Lessons learned:
1. Early planting even if only 14 days earlier is very beneficial for extra first year growth.
2. Fruit production on 1st leaf trees is workable in a high density planted high tunnel.
3. Early training reduces first year yield.
4. Much lower disease and insect pressure in high tunnel. No “free water” or rain on fruit eliminates Brown rot.
5. Mites and mildew increase possible in high tunnel vs. open field, but we have good controls, both Organic and chemical.
6. V shaped training on peaches appears to be most optimal tree shape for us in TX.
7. Cotton Root Rot in cherries can be a problem even on the peach interstem rootstock.
8. Chemical free or organic production in peaches are much more workable in HTs.
9. Hail on 5-7-12 at Rohrer site, 50% loss on outside trees, no damage in tunnel.

Goals achieved include:
1. Showing this high density production method is an option in Texas by minimizing risk.
2. Fruit can be 4-5 weeks earlier than field production.
3. Marketable fruit can be produced on 1 yr. old trees.
4. Lower insect and disease can reduce chemical pest inputs.

For the site identification, the grower name and city is listed in summary and 2012 yield recorded.

Studebaker, Stonewall - trees planted 1-28-11, not headed at planting, no training cuts, and pushed for maximum growth. 1 peach variety and apricot pulled at end of 2011 growing season for inadequate growth. Yield may be compromised 2nd year due to heavy pruning.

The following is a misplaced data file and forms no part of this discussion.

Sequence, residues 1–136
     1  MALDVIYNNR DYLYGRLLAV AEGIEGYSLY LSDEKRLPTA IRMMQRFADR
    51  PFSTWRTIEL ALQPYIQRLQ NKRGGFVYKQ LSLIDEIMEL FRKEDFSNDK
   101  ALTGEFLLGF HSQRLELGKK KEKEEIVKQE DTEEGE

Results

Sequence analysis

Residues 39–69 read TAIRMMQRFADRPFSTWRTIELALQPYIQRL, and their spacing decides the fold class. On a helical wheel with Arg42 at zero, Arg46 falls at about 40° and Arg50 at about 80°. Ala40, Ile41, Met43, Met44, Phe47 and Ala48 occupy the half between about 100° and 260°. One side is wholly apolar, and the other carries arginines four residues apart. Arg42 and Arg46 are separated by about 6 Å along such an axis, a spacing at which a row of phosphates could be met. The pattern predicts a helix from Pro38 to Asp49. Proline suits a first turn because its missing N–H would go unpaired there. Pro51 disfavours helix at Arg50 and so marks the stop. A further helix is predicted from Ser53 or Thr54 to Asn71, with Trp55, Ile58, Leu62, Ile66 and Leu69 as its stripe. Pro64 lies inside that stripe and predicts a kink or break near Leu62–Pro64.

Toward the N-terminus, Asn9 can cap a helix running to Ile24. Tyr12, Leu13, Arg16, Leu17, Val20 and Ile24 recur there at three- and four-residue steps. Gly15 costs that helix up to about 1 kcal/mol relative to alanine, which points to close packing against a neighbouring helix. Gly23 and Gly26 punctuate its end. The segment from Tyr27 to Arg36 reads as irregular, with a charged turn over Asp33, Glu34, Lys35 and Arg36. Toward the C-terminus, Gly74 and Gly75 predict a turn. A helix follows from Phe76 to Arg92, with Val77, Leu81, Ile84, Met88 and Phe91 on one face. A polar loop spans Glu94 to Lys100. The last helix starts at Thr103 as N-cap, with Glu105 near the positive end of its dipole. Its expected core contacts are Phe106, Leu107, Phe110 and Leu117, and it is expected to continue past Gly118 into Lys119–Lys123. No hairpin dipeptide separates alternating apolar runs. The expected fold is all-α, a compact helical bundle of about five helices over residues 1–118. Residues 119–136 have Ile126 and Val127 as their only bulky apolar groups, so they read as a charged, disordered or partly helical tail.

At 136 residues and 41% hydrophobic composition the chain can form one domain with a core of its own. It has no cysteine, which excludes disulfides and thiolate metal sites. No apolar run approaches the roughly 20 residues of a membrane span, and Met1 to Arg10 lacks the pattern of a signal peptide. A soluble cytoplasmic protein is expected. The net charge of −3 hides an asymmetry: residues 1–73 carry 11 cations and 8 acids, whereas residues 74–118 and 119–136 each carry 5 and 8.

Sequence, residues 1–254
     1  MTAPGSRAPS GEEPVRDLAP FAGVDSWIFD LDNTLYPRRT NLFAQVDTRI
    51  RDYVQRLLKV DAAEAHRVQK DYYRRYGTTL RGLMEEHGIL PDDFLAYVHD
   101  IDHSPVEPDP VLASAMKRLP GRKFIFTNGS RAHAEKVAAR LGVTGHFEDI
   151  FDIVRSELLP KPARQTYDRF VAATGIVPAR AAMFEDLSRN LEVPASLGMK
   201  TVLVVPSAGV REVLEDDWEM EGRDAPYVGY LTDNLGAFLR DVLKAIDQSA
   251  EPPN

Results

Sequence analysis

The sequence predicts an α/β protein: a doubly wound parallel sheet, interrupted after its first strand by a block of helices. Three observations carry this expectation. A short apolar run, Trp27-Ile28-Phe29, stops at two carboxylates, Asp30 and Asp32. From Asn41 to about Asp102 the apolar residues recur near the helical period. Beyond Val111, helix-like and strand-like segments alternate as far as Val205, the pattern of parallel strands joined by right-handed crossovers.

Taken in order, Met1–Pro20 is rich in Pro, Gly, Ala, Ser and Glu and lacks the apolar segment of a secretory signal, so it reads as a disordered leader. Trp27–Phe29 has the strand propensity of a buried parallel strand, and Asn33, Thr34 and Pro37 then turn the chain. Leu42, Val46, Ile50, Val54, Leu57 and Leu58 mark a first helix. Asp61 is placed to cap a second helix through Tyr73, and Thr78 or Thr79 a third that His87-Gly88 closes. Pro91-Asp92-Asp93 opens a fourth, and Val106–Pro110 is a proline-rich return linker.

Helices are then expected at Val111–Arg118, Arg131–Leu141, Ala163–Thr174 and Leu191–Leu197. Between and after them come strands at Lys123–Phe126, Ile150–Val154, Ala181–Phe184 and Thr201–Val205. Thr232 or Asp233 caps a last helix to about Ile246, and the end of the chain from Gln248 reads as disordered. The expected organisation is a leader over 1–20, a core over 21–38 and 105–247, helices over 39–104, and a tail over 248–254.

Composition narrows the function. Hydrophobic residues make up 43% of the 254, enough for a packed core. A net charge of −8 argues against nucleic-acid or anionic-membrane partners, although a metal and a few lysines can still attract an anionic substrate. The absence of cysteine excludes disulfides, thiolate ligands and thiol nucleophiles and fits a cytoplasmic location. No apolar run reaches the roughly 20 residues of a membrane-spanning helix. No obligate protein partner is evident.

Yield 26.4lb./tree

Childress, Cross Plains - 2-20-11 planting trees were headed and started early scaffold branch training in June so growth not as rapid in 2011 as Studebaker site. Cherry samples planted also.
Yield 7lb./tree

Cooper, Fairfield - last date trees planted on a vigorous soil and modified tree training. Several Satsuma varieties planted also.
Yield 7.2lb./tree

Rohrer, Fredericksburg - trees planted 2-14&15-2011. Headed at planting and scaffold trained thru the season. Cherries high headed at planting but did not develop adequate lower branching so retrained in 2012 growing season. A few cherry clusters on but no yield till expected till 2013. Peaches grown using only organic fertilizer and organic pest control so growth was less vigorous than conventional grown.
Yield 10.8lb./tree

Matt, Tomball - Some citrus trees planted in 2012, TFGA purchased high tunnel 5-12-12. Planting is continuing, to be completed in 2013. Possible small Satsuma yield in 2013.

Earlitreat peaches ready to pick 04-13-12

Peach blossoms 02-15-12

Freestones ready to pick 05-19-12, outside
average picking date is 06-15.